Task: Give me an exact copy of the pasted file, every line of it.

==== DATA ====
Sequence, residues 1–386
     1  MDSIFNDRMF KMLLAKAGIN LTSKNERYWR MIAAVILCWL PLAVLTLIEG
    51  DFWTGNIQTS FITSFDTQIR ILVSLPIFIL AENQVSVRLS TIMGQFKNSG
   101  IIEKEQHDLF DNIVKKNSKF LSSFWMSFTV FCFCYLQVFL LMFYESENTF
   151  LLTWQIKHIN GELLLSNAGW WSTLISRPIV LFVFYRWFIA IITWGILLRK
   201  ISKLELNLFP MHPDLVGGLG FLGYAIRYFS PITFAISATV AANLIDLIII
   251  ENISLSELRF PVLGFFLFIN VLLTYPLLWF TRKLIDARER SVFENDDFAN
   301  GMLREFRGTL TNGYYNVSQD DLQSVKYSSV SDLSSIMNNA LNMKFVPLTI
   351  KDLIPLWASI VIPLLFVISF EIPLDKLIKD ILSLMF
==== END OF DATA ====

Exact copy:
Sequence, residues 1–386
     1  MDSIFNDRMF KMLLAKAGIN LTSKNERYWR MIAAVILCWL PLAVLTLIEG
    51  DFWTGNIQTS FITSFDTQIR ILVSLPIFIL AENQVSVRLS TIMGQFKNSG
   101  IIEKEQHDLF DNIVKKNSKF LSSFWMSFTV FCFCYLQVFL LMFYESENTF
   151  LLTWQIKHIN GELLLSNAGW WSTLISRPIV LFVFYRWFIA IITWGILLRK
   201  ISKLELNLFP MHPDLVGGLG FLGYAIRYFS PITFAISATV AANLIDLIII
   251  ENISLSELRF PVLGFFLFIN VLLTYPLLWF TRKLIDARER SVFENDDFAN
   301  GMLREFRGTL TNGYYNVSQD DLQSVKYSSV SDLSSIMNNA LNMKFVPLTI
   351  KDLIPLWASI VIPLLFVISF EIPLDKLIKD ILSLMF